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Shot down

The anti-vaccination crew are nuts, but also victims of intolerance

25 May 2013

9:00 AM

25 May 2013

9:00 AM

Anyone with two brain cells to rub together will agree that the Australian Vaccination Network is a mad movement. From its evidence-free claim that vaccines are toxic concoctions that can turn kids autistic to its citing of the work of lizard-fearing conspiracy theorist David Icke, everything about the AVN screams ‘NUTTER’. No wonder polite society and the medical establishment are so down on it, describing its anti-vaccine propaganda as misleading and dangerous.

But you know what is even more dangerous than the AVN? The campaign to squish it. This increasingly illiberal campaign, which will not be satisfied, it seems, until the AVN has been wiped from the face of Oz, might prove in the long term to be more detrimental to public health, and to political health, than the AVN could ever be. If its proponents aren’t careful, anti-AVN intolerance could end up shrinking freedom of thought and, ironically, intensifying suspicion of vaccines.

It’s now de rigueur in right-on circles to rage against barmy anti-vaxxers. In Britain, the name of Andrew Wakefield — the former doc whose laughable Lancet paper ignited the panic about the MMR vaccine causing autism — is now always said with a sneer. In Australia, being ostentatiously agitated by the AVN, and by the simple-minded folk who heed its hooey, is pretty much compulsory for anyone who wants to stay on certain dinner-party invitation lists.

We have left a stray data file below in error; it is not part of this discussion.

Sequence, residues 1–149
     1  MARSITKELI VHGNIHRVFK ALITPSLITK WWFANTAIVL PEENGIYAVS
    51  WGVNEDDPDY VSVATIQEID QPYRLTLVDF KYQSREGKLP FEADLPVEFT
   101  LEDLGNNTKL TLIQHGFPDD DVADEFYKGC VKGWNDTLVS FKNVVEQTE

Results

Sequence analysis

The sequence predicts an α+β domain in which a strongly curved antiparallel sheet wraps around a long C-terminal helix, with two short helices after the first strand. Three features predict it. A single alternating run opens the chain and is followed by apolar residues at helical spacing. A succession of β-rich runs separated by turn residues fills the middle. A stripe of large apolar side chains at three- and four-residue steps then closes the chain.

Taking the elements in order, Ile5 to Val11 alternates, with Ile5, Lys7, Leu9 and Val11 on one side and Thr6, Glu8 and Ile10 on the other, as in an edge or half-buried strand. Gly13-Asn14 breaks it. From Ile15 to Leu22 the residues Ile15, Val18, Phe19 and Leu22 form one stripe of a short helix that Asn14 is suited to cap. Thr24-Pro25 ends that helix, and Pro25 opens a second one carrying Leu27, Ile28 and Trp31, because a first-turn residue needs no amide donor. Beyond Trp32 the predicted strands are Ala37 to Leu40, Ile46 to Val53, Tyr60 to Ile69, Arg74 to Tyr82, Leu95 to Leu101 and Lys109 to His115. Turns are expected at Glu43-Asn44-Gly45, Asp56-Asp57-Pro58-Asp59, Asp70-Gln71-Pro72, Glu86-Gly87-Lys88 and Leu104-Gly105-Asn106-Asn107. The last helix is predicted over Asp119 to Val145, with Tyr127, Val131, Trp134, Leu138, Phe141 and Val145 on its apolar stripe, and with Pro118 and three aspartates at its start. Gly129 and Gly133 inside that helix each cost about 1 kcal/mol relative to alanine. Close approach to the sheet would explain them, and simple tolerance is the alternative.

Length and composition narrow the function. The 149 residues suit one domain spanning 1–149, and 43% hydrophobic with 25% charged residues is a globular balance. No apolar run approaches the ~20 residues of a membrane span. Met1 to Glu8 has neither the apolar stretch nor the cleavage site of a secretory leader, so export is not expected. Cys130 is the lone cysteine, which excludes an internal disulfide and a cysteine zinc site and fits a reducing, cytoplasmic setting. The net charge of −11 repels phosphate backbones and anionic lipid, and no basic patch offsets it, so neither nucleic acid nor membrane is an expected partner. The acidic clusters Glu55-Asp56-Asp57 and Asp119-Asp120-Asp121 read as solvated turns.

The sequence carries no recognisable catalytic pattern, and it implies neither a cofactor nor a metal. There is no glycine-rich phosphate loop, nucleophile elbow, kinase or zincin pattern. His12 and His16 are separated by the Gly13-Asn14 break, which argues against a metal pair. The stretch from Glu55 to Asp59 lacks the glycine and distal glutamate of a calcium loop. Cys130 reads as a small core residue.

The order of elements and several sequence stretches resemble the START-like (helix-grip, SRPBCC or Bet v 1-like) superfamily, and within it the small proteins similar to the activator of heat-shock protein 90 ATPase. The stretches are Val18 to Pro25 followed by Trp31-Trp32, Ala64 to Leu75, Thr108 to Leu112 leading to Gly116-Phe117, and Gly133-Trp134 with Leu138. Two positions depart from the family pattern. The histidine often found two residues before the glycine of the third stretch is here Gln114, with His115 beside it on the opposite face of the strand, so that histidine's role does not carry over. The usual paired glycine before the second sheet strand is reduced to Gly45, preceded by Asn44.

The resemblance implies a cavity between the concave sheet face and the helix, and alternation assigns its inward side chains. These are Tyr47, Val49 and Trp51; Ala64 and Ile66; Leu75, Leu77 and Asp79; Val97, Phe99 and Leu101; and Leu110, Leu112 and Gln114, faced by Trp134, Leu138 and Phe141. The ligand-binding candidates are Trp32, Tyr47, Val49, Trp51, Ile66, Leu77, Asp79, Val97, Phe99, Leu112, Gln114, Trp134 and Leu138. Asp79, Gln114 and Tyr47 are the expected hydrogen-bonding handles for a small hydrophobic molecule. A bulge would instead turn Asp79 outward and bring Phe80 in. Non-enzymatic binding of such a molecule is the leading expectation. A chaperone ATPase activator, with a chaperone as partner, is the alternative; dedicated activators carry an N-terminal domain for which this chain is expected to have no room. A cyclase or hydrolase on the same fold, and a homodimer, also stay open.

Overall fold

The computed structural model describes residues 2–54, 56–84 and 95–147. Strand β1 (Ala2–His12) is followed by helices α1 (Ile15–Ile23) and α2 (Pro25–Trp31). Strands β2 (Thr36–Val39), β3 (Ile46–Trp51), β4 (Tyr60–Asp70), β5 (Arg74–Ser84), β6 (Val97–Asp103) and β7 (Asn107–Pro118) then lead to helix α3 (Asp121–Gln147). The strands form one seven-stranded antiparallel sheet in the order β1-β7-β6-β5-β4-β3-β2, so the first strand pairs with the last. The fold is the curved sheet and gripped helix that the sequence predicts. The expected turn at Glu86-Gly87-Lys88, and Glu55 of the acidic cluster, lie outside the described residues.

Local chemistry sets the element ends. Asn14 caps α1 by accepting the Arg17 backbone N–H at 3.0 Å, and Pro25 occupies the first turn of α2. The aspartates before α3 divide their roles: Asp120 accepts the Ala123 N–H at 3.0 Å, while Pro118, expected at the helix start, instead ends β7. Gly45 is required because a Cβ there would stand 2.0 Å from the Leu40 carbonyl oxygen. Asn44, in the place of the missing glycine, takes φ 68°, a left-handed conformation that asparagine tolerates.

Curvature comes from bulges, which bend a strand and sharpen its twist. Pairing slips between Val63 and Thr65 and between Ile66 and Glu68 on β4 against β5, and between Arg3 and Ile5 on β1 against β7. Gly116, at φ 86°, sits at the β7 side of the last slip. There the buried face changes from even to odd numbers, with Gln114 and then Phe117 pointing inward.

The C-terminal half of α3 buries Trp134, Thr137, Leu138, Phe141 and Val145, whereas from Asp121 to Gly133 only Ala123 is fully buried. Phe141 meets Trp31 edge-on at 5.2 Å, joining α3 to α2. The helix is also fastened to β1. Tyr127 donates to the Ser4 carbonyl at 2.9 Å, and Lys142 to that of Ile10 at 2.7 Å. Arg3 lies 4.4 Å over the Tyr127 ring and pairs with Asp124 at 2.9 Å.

Recently, however, the pro-vax lobby has crossed the line from ridiculing the hell out of anti-vaxxers – which it’s perfectly entitled to do – to demanding that they be silenced. It says anyone who spreads misinformation about vaccines should be deprived of ‘the oxygen of publicity’, in the words of a Times writer railing against Andrew Wakefield. When the UK Independent recently reported Wakefield’s thoughts on a big measles outbreak in Swansea in Wales (typically self-servingly, he said the outbreak proved he was right all along), there was outrage. Newspapers should not give space to ‘incredibly dangerous anti-vaccine nonsense’, commentators insisted. A writer for the Observer shook her head in horror and looked forward to the day when we are finally ‘rid of quacks’.


Australian pro-vax rationalists have gone even further in their attempts to stop the AVN. Indeed, the main anti-AVN campaign group is called Stop The AVN, which leaves no room for doubt as to what its aims are: really to create a brave new world totally ‘rid of quacks’.

To this end, extraordinary political pressure has been brought to bear on the AVN. In 2010, its right to appeal for donations from the public was revoked by the New South Wales Office of Liquor, Gaming and Racing, partly on the grounds that the AVN’s activities are ‘not in the public interest’. This was an explicit attempt to economically emaciate this most hated of campaign groups. The Health Care Complaints Commission tried to force the AVN to publish on its website a message about where people should go for trusted info about vaccines: to a state healthcare provider. Anyone who cares about the freedoms of thought and speech should know that being forced to publish a government message is as authoritarian as being forbidden from publishing one’s own messages.